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Ericsson, Orange bring and affordable connectivity to rural Africa

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Orange Guinea Conakry and Ericsson are deploying more than 100 base stations fully powered by solar energy, connecting remote parts of rural Africa.

Using Ericsson's energy-efficient base stations, a hybrid diesel-battery solution and solar panels, Orange is increasing mobile coverage in rural and urban areas, while taking concrete steps towards its target of reducing CO2 emissions by 20% by 2020. This enables remote areas without an established power grid to get access mobile communications.
Alassane Diene, CEO of Orange-Guinea Conakry, says: "We are reducing our energy bill. These base stations are also easier to install and require less maintenance than the traditional site. They also offer greater reliability and therefore considerably improved quality of service."
Jan Embro, president of Ericsson for sub-Saharan Africa, says: "It is extremely exciting to be able to run sites on alternative energy sources. Limiting dependency on fossil fuels brings many advantages, but the greatest is the ability to offer sustainable connectivity to low-income users in remote areas across Africa."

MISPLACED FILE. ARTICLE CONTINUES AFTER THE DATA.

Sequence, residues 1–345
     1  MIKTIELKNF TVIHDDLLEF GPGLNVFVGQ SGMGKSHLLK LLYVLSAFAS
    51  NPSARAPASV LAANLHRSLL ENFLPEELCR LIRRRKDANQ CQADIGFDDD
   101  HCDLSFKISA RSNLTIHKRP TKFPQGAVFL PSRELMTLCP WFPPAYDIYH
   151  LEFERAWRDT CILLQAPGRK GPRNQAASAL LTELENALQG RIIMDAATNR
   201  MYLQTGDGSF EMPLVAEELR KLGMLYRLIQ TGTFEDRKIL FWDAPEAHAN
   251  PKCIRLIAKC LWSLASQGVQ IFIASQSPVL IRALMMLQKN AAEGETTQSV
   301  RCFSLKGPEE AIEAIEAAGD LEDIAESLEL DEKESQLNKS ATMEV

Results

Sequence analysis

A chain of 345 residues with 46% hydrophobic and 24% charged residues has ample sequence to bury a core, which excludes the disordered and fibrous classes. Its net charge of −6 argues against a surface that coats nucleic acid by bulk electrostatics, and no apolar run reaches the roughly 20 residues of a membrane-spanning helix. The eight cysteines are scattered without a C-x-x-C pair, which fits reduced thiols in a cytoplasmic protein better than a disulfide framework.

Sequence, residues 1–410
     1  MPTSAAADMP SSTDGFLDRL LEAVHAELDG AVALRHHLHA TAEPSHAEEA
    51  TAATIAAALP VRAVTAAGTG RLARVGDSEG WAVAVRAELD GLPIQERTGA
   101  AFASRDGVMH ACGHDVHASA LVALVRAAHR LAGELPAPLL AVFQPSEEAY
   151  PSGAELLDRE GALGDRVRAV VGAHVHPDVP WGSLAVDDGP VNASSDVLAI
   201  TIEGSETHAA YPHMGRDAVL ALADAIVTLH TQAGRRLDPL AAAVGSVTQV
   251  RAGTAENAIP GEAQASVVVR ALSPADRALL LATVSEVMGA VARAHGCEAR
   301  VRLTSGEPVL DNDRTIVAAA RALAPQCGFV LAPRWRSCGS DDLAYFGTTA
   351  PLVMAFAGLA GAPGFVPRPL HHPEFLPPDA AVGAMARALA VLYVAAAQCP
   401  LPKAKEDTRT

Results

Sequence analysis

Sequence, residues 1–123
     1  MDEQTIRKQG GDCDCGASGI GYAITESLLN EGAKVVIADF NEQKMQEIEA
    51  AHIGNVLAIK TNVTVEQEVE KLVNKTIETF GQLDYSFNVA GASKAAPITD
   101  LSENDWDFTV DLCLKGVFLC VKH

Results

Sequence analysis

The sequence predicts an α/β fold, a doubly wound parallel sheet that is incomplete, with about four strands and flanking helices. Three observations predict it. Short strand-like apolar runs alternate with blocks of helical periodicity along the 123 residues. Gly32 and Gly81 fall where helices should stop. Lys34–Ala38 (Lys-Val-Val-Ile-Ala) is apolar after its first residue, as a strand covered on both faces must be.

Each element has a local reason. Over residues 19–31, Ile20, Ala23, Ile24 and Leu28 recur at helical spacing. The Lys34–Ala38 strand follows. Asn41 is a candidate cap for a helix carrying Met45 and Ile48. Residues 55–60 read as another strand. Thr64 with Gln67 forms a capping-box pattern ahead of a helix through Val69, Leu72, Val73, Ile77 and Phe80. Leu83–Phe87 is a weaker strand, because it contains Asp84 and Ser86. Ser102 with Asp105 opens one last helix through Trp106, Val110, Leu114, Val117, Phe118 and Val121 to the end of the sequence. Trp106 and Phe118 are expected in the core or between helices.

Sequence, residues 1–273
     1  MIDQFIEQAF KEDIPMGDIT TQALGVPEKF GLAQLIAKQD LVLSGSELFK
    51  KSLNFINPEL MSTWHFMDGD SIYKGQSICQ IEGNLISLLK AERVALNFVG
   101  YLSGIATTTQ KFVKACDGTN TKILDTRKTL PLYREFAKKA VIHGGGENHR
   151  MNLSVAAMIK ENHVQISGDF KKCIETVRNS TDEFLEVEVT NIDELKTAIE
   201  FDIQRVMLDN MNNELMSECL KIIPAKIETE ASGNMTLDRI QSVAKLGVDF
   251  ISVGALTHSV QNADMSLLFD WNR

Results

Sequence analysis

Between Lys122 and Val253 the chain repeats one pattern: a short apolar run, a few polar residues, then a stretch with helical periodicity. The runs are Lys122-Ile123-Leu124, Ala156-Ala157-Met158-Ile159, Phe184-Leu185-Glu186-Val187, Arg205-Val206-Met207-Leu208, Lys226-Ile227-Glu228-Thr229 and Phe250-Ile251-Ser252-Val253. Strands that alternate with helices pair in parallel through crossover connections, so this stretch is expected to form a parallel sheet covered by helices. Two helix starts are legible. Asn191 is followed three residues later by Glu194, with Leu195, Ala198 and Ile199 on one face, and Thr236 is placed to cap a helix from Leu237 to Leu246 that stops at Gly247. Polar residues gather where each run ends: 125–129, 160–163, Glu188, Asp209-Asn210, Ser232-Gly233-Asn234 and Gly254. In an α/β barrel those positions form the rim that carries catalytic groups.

Ericsson's hybrid diesel-battery energy solution replaces one of a site's diesel generators with a bank of specially designed batteries that can handle a large amount of charging and discharging. This self-contained power solution can be set to meet the batteries' optimal charging and discharging levels, extending the lifetime of the battery and the generator, and reducing energy-related costs by about 50%.
The Ericsson BTS 2111 radio base station is a main-remote solution without any active moving parts such as cooling fans. It reduces energy consumption up to 50%, allowing the site to be fully powered by solar energy, supported by a battery bank for 24/7 operation.
This rollout programme supports the sustainability initiatives of both Ericsson and Orange, focusing on reducing the carbon footprint while making communication more affordable and accessible. Orange Group intends to have more than 1 000 wholly solar-powered base stations in its African operations by the end of 2009.
Ericsson was first to deploy solar power in telecom, back in 2000. As radio technology becomes more energy-efficient, solar solutions have become increasingly economically viable. Reaching the next billion subscribers means expanding to rural off-grid areas. Ericsson sees attractive business cases for using renewable solutions all around the world.

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